Photo: Makeshift checkpoint in Mexico
Hundreds of peasants and Indians in the southern Mexican state of Guerrero have responded to the scourge of organized crime by arming themselves, detaining suspected criminals and setting up checkpoints at the entrances to their communities, Efe confirmed.
Residents of the municipalities of Ayutla de los Libres, Tecoanapa, Florencio Villarreal, Cuautepec, Copala and San Marcos have taken up arms to defend themselves from a drug-trafficking gang that a spokesman for the vigilantes said “is ordering them to pay protection money, charging extortion payments and selling drugs in their schools.”
Speaking on condition of anonymity, he told Efe that the decision was made Sunday after a rancher from a community in Tecoanapa was abducted and the suspected kidnappers demanded a ransom payment of 150,000 pesos (nearly $12,000) for his release.
“It was then that the people armed themselves and went looking for the rancher. They set up checkpoints and secured his release and captured five kidnappers,” he said.
A total of 37 suspected drug-gang hit men and drug dealers have been detained since the vigilante operations began and the checkpoints were first installed.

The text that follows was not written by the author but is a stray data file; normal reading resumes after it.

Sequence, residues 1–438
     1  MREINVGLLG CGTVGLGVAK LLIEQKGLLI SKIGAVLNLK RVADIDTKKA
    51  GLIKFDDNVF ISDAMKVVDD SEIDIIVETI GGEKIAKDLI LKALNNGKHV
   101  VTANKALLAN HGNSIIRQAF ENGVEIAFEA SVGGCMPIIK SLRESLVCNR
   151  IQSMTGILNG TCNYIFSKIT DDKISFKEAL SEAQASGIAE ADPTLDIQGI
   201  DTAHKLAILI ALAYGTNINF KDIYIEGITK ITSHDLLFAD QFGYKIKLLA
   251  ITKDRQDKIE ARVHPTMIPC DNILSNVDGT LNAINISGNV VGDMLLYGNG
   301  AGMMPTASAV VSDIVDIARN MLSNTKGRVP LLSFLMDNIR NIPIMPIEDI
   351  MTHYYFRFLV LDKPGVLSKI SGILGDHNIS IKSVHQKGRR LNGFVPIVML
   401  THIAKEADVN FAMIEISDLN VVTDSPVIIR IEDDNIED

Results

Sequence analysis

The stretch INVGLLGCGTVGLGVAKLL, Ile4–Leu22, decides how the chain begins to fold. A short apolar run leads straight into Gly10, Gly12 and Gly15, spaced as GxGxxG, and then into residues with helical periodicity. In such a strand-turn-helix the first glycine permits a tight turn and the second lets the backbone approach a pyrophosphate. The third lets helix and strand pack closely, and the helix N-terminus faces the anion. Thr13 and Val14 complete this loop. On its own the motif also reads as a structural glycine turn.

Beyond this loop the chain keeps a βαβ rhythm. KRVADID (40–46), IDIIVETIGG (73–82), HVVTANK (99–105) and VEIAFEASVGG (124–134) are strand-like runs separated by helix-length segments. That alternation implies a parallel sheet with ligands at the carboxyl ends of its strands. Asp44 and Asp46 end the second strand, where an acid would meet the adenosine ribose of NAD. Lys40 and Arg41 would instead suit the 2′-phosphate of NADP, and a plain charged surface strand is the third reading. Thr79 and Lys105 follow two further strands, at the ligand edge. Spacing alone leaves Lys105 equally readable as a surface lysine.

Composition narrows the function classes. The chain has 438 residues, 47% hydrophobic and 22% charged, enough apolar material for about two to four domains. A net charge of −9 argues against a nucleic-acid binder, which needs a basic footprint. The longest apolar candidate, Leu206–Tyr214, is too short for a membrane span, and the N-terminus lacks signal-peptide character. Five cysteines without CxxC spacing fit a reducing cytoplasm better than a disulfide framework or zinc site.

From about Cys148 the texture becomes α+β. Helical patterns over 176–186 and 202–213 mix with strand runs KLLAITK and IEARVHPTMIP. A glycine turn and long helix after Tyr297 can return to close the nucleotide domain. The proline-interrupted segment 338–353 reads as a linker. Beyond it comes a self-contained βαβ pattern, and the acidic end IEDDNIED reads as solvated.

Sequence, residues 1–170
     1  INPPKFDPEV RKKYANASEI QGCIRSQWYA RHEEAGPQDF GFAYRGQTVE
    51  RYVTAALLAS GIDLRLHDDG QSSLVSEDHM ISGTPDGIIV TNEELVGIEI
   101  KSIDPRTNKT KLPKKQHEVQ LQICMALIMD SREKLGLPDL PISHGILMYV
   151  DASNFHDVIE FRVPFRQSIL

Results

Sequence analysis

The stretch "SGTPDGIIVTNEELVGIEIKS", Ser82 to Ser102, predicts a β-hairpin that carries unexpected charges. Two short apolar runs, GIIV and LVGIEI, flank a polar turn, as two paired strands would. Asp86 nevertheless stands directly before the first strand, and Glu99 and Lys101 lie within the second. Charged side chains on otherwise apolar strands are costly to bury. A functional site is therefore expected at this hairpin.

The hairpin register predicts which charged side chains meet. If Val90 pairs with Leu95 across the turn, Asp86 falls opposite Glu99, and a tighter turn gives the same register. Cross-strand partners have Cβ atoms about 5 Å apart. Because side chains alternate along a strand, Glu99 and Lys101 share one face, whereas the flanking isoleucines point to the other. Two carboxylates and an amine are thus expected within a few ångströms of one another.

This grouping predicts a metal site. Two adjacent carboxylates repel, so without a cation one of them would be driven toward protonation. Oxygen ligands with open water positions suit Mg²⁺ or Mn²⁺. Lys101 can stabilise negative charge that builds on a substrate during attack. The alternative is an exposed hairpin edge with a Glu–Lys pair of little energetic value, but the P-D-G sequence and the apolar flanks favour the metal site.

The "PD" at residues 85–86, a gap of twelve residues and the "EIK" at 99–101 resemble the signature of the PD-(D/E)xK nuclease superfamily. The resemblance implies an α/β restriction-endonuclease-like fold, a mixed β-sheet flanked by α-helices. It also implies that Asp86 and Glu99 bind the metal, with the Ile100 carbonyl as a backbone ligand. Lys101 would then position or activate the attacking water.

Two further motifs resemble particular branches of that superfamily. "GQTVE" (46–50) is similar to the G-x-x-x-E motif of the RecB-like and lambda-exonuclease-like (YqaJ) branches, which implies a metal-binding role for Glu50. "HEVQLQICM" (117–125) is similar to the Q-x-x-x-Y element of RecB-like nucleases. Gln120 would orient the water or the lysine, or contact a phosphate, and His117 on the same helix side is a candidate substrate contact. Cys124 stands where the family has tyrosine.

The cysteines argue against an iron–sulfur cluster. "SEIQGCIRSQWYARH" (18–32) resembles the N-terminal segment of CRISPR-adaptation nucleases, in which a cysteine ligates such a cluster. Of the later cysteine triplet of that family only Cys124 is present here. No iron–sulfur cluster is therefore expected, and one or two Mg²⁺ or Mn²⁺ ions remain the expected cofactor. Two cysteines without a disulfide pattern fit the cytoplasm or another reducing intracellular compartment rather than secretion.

“We’re holding them near a town and we expect they’ll be tried in an assembly under the uses and customs of the communities,” a masked peasant leader with rifle in hand said.
Indigenous people and communities in Mexico enjoy a certain amount of autonomy based on customary law, known as “uses and customs,” although the latter must conform to human rights protections enshrined in Mexico’s constitution.
The peasants and Indians, most wielding shotguns and pistols, have set up checkpoints on roads and entrances to Ayutla, Tecoanapa and Florencio Villarreal.
Those towns in Guerrero’s Costa Chica region, which suffers from high rates of poverty and social exclusion, contain marijuana farms and are transshipment points for drugs being smuggled to the United States.
Authorities say the region is the turf of a gang known as Los Pelones that once worked for the cartel led by Arturo Beltran Leyva, killed in a December 2009 shootout with marines.
Conflict among rival crime outfits and between the gangs and Mexican security forces claimed some 70,000 lives during the 2006-2012 administration of President Felipe Calderon, who militarized the struggle against drug trafficking.
His successor, Enrique Peña Nieto, inaugurated on Dec. 1, has said he will continue to involve the military in law enforcement in the country’s most violence-wracked areas but also is touting a new approach to crime fighting that emphasizes citizens’ safety and intelligence work.